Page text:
Roth 2006 p. 34
A) In accordance with resolutions of the Rabbinical Assembly and the United Synagogue, we affirm that gays and lesbians are welcome in our congregations, youth groups, camps and schools.
B) Homosexuals will not be denied any honors within worship and regarding lay leadership positions.
C) Members of the Rabbinical Assembly and the Cantors Assembly will not perform commitment ceremonies for gays and lesbians.
D) The Rabbinical and Cantorial schools will not knowingly admit sexually active homosexual students, nor will they be admitted to either the Rabbinical Assembly or the Cantors Assembly. No witch hunts will be instigated against those who are already students or members.
E) Whether sexually active homosexuals may function as teachers and youth leaders in our congregations and schools will be left to the rabbi authorized to make halakhic decisions for a given institution within the Conservative Movement.

Dorff Nevins Reisner 2006 p. 19
1. The explicit biblical ban on anal sex between men remains in effect. Gay men are instructed to refrain from anal sex.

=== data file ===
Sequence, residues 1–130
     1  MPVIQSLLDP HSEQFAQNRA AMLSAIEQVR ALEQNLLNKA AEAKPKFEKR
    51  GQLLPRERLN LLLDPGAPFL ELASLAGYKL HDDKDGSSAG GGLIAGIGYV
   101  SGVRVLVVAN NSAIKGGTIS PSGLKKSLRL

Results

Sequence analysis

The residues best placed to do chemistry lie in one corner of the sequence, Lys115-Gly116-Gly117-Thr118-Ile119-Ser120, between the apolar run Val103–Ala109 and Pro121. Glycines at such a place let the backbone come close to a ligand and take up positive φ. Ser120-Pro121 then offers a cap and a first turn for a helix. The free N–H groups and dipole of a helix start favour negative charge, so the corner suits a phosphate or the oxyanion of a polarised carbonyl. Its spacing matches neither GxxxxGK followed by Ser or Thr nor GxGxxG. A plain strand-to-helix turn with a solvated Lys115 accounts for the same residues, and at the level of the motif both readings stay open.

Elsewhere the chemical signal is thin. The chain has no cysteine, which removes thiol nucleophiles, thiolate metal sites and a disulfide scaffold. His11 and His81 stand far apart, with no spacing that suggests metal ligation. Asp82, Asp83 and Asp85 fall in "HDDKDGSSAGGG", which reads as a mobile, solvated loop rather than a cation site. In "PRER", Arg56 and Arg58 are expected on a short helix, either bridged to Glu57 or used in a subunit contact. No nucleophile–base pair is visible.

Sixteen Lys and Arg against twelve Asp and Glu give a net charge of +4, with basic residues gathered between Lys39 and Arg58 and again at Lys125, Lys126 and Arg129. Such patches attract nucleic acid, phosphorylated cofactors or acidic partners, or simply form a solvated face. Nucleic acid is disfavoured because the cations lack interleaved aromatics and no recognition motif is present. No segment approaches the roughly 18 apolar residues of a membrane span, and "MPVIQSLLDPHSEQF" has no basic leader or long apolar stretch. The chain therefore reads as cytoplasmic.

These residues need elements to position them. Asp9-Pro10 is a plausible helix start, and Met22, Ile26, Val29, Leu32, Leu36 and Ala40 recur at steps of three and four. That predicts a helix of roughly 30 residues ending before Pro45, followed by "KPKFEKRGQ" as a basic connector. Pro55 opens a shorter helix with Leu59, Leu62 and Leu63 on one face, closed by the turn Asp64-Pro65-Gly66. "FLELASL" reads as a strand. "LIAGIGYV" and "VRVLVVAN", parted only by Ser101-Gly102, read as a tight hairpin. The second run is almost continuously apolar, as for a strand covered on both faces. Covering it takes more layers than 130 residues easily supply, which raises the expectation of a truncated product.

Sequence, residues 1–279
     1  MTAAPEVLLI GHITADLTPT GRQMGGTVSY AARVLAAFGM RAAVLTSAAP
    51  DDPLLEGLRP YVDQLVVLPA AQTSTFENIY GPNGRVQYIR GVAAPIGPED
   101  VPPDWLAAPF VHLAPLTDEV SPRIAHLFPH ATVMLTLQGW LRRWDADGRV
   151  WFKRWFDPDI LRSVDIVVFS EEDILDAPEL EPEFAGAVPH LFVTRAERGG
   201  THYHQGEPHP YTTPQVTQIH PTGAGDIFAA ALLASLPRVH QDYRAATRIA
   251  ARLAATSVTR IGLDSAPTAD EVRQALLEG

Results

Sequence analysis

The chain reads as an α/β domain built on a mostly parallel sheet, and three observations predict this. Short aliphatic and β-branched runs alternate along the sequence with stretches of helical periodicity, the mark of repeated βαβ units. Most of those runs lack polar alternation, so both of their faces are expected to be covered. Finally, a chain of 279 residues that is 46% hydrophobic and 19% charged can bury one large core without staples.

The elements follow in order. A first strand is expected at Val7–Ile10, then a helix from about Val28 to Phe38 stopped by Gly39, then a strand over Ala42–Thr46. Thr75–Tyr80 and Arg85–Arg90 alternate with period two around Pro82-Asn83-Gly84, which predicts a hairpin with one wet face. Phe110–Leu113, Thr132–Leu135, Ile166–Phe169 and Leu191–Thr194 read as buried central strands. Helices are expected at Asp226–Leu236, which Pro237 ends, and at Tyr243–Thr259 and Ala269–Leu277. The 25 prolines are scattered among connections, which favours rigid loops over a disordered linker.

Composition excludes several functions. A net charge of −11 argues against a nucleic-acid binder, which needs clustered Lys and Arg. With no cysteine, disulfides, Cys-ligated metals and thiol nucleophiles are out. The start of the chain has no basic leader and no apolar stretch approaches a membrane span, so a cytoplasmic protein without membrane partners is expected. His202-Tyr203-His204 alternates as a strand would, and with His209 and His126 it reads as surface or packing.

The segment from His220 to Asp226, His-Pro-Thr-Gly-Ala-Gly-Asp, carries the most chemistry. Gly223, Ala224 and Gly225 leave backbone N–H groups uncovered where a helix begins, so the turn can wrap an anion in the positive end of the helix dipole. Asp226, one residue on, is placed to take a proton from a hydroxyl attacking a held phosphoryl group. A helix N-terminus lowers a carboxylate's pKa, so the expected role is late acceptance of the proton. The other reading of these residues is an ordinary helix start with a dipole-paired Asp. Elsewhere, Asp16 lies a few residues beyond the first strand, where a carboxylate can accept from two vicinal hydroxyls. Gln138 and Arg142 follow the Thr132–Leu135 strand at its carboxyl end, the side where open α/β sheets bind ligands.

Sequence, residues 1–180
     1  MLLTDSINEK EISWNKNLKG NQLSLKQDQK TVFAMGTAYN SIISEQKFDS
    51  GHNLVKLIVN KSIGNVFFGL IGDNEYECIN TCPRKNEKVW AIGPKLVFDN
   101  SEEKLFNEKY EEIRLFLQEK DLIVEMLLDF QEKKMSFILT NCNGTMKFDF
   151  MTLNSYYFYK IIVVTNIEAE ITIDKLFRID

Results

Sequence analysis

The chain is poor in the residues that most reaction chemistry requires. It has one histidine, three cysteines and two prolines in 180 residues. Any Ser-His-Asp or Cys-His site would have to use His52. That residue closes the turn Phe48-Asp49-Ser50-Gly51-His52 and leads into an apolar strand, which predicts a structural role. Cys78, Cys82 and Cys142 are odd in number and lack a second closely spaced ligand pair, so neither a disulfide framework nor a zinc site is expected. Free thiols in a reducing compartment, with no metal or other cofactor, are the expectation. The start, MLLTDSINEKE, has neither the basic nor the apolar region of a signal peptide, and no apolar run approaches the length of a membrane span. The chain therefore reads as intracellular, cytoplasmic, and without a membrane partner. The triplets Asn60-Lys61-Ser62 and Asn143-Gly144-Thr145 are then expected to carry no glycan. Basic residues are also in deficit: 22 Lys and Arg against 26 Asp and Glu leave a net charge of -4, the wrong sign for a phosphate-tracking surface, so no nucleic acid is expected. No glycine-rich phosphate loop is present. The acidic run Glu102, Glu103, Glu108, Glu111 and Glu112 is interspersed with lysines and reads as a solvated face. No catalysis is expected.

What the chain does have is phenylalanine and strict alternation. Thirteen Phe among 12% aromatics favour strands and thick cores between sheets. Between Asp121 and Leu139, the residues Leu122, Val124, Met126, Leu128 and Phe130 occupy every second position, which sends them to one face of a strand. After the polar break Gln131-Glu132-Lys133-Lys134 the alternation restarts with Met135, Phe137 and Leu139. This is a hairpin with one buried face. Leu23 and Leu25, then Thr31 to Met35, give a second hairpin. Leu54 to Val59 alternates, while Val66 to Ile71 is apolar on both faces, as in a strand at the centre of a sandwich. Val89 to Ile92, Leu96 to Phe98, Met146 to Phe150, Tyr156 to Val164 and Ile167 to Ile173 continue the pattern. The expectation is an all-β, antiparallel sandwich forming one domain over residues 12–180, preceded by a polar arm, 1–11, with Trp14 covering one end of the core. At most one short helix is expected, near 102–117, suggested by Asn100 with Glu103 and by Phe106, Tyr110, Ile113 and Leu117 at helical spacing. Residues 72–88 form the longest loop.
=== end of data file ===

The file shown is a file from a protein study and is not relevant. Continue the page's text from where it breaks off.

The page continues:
2. Heterosexual marriage between two Jews remains the halakhic ideal. For homosexuals who are incapable of maintaining a heterosexual relationship, the rabbinic prohibitions that have been associated with other gay and lesbian intimate acts are superseded based upon the Talmudic principle of kvod habriot, our obligation to preserve the human dignity of all people.
3. This ruling effectively normalizes the status of gay and lesbian Jews in the Jewish community. Extending the 1992 CJLS consensus statement, gay and lesbian Jews are to be welcomed into our synagogues and other institutions as full members with no restrictions. Furthermore, gay or lesbian Jews who demonstrate the depth of Jewish commitment, knowledge, faith and desire to serve as rabbis, cantors and educators shall be welcomed to apply to our professional schools and associations.118
4. We are not prepared at this juncture to rule upon the halakhic status of gay and lesbian relationships. To do so would require establishing an entirely new institution in Jewish law that treats not only the ceremonies and legal instruments appropriate for creating homosexual unions but also the norms for the dissolution of such unions. This responsum does not provide kiddushin for same-sex couples. Nonetheless, we consider stable, committed, Jewish relationships to be as necessary and beneficial for homosexuals and their families as they are for heterosexuals. Promiscuity is not acceptable for either homosexual or heterosexual relationships. The celebration of such a union is appropriate.